https://artofproblemsolving.com/wiki/api.php?action=feedcontributions&user=Sohanraghavmulinti&feedformat=atomAoPS Wiki - User contributions [en]2021-05-07T19:29:34ZUser contributionsMediaWiki 1.31.1https://artofproblemsolving.com/wiki/index.php?title=Algebraic_manipulation&diff=137047Algebraic manipulation2020-11-08T22:49:35Z<p>Sohanraghavmulinti: /* Example */</p>
<hr />
<div>'''Algebraic manipulation''' involves doing opposite operations (undoing) to any equation to solve for a certain variable (often by isolation).<br />
<br />
==Properties of Equality==<br />
<br />
Any time we add, subtract, multiply, divide, square, square root, etc. to one side, we must do it to the other side to maintain equality.<br />
<br />
===Example===<br />
<cmath>\begin{align*}<br />
x^2 + 18 &= 43 \\<br />
x^2 &= 25 \\<br />
x &= \boxed{\pm 5}<br />
\end{align*}</cmath><br />
In the example, we first subtract 18 from the left side to isolate the <math>x^2</math>. However, we also have to subtract 18 from the right side to maintain equality. The right hand side becomes <math>43 - 18 = 25</math>.<br />
<br />
We then square root the left side to get the <math>x</math> by itself. However, we also have to square root the right side to maintain equality.<br />
<br />
==Cross Multiplication==<br />
<br />
Cross multiplication is a common method of solving [[proportions]]. Essentially, one is multiplying both sides by the denominators of both sides.<br />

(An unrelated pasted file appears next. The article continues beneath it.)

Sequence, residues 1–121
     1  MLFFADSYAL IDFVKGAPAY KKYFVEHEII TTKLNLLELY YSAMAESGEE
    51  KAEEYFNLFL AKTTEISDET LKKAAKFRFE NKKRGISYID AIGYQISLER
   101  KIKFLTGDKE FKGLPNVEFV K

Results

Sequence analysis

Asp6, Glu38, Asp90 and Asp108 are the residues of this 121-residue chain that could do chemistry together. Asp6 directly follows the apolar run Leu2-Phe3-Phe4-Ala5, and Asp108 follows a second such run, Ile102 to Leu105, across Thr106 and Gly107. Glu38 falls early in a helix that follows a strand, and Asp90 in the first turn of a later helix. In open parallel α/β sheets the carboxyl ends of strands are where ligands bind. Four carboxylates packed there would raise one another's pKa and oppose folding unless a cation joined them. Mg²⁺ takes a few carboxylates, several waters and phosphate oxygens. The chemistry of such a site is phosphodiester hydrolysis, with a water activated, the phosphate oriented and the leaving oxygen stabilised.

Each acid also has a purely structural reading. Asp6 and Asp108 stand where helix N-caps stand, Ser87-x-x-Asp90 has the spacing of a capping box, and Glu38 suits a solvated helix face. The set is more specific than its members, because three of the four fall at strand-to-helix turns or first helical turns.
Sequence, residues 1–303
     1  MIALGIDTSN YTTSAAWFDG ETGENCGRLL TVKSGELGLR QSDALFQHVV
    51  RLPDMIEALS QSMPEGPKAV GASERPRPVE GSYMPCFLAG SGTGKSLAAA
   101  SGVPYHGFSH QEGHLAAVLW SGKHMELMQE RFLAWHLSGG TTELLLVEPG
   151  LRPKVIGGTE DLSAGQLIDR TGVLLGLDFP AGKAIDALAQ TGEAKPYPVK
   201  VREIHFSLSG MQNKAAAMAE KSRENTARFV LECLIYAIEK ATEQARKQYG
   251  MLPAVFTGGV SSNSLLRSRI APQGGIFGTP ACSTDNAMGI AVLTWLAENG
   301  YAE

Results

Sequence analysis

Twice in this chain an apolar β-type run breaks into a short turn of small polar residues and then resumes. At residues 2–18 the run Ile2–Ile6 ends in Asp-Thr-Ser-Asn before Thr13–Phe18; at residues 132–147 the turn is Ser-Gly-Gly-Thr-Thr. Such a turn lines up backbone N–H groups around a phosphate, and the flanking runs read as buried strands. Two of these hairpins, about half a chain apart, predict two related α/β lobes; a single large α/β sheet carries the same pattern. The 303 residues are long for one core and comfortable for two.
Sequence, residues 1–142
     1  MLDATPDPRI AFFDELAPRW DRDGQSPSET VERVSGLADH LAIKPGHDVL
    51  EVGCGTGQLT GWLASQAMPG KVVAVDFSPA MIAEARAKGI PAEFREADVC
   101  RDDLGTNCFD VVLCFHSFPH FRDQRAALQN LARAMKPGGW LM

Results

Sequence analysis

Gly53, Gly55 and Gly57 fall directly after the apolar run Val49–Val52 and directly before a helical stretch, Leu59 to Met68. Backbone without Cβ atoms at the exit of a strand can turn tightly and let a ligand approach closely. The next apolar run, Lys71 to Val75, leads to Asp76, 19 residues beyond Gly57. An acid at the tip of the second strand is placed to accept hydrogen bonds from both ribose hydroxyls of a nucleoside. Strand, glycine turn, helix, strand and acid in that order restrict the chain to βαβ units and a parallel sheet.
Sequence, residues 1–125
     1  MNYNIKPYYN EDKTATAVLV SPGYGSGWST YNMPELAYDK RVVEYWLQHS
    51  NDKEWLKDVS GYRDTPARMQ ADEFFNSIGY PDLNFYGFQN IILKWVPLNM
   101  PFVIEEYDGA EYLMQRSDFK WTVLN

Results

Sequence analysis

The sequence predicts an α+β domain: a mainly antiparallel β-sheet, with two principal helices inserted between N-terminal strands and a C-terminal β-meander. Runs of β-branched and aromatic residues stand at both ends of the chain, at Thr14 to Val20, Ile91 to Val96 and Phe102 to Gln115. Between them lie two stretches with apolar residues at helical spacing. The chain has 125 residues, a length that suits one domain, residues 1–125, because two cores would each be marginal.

<br />
===Example===<br />
<cmath>\begin{align*}<br />
\frac{x}{3} &= \frac{10}{5} \\<br />
5 \cdot x &= 3 \cdot 10 \\<br />
5x &= 30 \\<br />
x &= 6<br />
\end{align*}</cmath><br />
The above method of solving is an example of cross-multiplication. During the cross-multiplication, we actually multiplied both sides by <math>3 \cdot 5</math>. On the LHS, the <math>3</math> gets divided out (leaving a <math>5</math> for multiplication), and on the RHS, the <math>5</math> gets divided out (leaving a <math>3</math> for multiplication).<br />
<br />
==Potential Extraneous Solutions==<br />
<br />
In some methods of isolation like squaring both sides or multiplying both sides by a non-constant, we could introduce additional "solutions" that aren't really solutions to the original equation. Such solutions are called "extraneous solutions". Thus, when doing such methods, it is a good idea to check the solutions by plugging it back into the original equation.<br />